Chemical and Biological Character of Particulate Matter for a Variety of Oxidants in a Constant-Volume Combustion Bomb 872135

Diesel engines are a source of suspended ambient particulate matter, and some concerns have been raised about the health effects from the inhalation of these particles. Nitrated polycyclic aromatics adsorbed on these particles have been shown to have the potential to cause mutations in living cells. Particulate matter collected on teflon-coated glass fiber filters produces results that may be open to question because of the possible generation of artifactual nitrated aromatics during the filtration process.
An experiment using a constant-volume combustion bomb was used with four oxidants (air, nitrogen-free oxidant (29% O2 21% Ar 50% CO2), 50% O2/50% N2, and O2 (99.95% pure)), to address the concern over artifactual generation of nitrated-PAH on the filtration medium. Soot samples were collected both in situ on a cooled plug and on teflon-coated glass fiber filters in the exhaust line. Chemical comparisons of the collected samples were accomplished using chromatographic procedures. Biological comparison of the extracted material from the soot was accomplished using the Ames Salmonella test.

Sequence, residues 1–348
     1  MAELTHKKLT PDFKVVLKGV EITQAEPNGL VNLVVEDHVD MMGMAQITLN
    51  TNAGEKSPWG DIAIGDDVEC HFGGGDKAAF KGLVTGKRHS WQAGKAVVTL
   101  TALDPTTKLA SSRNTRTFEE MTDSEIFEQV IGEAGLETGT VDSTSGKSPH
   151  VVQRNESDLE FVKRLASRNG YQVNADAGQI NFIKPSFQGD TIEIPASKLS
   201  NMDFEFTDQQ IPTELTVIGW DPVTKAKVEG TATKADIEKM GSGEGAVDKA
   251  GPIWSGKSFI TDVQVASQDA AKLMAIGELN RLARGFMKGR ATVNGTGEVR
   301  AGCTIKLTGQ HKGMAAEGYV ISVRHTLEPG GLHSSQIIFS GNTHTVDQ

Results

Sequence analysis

The biological activity from the filter and plug samples for each oxidant showed no significant differences for three of the oxidants. This was consistent with the gas-chromatographic results in which little difference was found between the filter and plug samples for each oxidant.


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